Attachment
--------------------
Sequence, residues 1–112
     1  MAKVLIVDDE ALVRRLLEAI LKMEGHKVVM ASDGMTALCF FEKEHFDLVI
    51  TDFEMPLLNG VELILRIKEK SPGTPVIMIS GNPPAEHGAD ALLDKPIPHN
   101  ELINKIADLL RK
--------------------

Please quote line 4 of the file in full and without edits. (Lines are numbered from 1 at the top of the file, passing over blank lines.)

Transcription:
   101  ELINKIADLL RK